I just came across this term while searching for ways to minimize tax liability when cashing out a portion of the retirement plan to fund a new business. A professional accountant told me that only 5k is allowable for equipment and startup and 5k for organizational expenses. She also mentioned that the company has to be operational before cashing out the retirement plan and that section 179 of the IRS provides many more benefits to deduct based on existing earnings. This topic is a bit complicated for those like me with little accounting background.
If I were you I would research more on the section 179 from the IRS.
As an attorney specializing in Rollover as Business Startups, I wanted to chime in with a few comments:
First: in terms of the view of the IRS with respect to rollover as business startup (ROBS) transactions, it is clear from their published statements that they acknowledge that these are legitimate transactions - most recently I was on an IRS webinar where the speaker from the IRS acknowledged ROBS transactions. The IRS has two types of concerns with respect to ROBS transactions: (I) investment risk; and (ii) ongoing compliance. In terms of the investment risk, the IRS is concerned that a person may invest his or her retirement savings in a business that fails resulting in the person losing not only the business but also all or part of his or her retirement savings. From a compliance perspective, the IRS has found that those persons who have used a ROBS 401k to finance a business do not follow the ongoing requirements such as an annual reporting requirements, keeping the 401k plan amendments up to date, etc. The latter concern highlights the importance of working with a professional specializing in ROBS.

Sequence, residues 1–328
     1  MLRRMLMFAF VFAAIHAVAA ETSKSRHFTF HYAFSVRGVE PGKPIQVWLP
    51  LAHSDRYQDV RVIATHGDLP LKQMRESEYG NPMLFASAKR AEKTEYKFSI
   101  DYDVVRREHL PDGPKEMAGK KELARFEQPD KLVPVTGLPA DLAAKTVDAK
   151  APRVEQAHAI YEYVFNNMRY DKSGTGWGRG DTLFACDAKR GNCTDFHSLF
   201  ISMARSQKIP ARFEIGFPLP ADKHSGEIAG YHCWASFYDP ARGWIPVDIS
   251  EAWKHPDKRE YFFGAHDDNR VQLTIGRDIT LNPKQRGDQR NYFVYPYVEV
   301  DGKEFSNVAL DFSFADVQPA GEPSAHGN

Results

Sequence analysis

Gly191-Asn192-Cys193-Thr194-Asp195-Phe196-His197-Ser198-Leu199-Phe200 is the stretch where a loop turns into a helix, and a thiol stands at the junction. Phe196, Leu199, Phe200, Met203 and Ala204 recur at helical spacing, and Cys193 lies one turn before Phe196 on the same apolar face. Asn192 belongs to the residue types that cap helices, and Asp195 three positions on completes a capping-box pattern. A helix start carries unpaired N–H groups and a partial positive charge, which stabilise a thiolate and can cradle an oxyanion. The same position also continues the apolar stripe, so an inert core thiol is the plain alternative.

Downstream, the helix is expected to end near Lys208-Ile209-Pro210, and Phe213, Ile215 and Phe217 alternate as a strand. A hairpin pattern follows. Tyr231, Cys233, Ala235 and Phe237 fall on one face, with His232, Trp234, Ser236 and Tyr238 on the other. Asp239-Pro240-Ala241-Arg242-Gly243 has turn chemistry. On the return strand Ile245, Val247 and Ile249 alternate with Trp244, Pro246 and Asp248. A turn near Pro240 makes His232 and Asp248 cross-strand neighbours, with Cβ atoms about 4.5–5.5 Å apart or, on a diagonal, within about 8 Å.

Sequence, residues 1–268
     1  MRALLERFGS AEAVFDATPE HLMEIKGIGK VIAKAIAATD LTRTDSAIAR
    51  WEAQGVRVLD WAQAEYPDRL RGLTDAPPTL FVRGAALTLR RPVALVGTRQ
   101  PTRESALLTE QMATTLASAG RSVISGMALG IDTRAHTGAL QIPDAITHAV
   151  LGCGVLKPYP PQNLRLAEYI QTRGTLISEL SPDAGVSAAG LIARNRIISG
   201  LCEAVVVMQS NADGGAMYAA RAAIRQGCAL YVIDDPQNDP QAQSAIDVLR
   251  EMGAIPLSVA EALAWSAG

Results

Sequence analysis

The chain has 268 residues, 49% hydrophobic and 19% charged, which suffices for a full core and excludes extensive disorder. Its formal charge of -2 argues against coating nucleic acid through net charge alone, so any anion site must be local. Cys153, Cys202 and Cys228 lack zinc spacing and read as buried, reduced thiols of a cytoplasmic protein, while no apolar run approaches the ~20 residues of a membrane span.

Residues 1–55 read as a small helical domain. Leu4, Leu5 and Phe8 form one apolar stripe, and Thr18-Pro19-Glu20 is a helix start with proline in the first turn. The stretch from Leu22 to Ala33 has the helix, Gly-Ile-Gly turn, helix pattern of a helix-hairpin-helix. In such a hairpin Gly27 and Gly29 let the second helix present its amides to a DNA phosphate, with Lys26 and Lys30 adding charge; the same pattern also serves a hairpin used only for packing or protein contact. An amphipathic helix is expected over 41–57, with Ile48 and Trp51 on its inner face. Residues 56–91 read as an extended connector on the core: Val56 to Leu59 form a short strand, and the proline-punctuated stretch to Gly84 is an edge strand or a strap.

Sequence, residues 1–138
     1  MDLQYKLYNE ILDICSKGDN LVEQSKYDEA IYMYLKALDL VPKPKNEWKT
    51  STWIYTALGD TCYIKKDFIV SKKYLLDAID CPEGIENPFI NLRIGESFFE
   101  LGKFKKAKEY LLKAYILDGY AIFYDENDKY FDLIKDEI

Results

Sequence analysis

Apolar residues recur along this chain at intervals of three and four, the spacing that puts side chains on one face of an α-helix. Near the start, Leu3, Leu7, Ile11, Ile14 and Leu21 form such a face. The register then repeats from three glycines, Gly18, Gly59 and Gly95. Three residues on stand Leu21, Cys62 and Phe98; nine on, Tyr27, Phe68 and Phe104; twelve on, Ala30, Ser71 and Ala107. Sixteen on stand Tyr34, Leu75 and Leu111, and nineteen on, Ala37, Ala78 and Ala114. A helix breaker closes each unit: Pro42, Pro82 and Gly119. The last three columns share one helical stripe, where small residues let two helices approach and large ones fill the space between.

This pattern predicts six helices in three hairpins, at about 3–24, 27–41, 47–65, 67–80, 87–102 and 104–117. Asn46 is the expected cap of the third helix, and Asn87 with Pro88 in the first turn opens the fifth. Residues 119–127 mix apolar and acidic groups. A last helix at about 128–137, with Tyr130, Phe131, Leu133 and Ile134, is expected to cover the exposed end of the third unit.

Second: it is true that some companies do not pay referral fees to brokers and charge lower fees (including my company).
Third: while the solo 401k loan option described by smaneck may work for certain business financing, certain caveats should be noted: (1) the loan is limited to 50% of the balance or 50K, whichever is lower; (2) the loan has to be paid back to the retirement account (ROBS business financing does not have to be paid back since it is an equity investment instead of a loan); and (3) since the solo 401k is for businesses with no employees (other than the owner and his/her spouse), it may not be compatible with a business that hires employees.